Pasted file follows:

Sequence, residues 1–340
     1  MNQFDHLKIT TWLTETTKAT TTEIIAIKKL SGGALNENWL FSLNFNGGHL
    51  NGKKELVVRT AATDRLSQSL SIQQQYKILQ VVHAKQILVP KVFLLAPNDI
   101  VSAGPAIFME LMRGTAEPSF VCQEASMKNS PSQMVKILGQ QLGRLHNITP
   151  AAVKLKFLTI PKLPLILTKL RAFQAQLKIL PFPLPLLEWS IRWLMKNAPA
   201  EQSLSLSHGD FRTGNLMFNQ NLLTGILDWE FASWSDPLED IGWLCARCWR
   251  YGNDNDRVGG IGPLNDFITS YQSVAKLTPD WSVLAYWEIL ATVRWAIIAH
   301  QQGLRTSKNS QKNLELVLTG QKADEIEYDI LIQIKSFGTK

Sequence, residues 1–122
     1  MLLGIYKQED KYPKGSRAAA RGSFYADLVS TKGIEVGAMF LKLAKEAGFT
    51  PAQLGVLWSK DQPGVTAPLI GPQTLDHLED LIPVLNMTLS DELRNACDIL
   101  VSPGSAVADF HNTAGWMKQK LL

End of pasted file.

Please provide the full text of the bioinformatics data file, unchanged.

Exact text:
Sequence, residues 1–340
     1  MNQFDHLKIT TWLTETTKAT TTEIIAIKKL SGGALNENWL FSLNFNGGHL
    51  NGKKELVVRT AATDRLSQSL SIQQQYKILQ VVHAKQILVP KVFLLAPNDI
   101  VSAGPAIFME LMRGTAEPSF VCQEASMKNS PSQMVKILGQ QLGRLHNITP
   151  AAVKLKFLTI PKLPLILTKL RAFQAQLKIL PFPLPLLEWS IRWLMKNAPA
   201  EQSLSLSHGD FRTGNLMFNQ NLLTGILDWE FASWSDPLED IGWLCARCWR
   251  YGNDNDRVGG IGPLNDFITS YQSVAKLTPD WSVLAYWEIL ATVRWAIIAH
   301  QQGLRTSKNS QKNLELVLTG QKADEIEYDI LIQIKSFGTK

Sequence, residues 1–122
     1  MLLGIYKQED KYPKGSRAAA RGSFYADLVS TKGIEVGAMF LKLAKEAGFT
    51  PAQLGVLWSK DQPGVTAPLI GPQTLDHLED LIPVLNMTLS DELRNACDIL
   101  VSPGSAVADF HNTAGWMKQK LL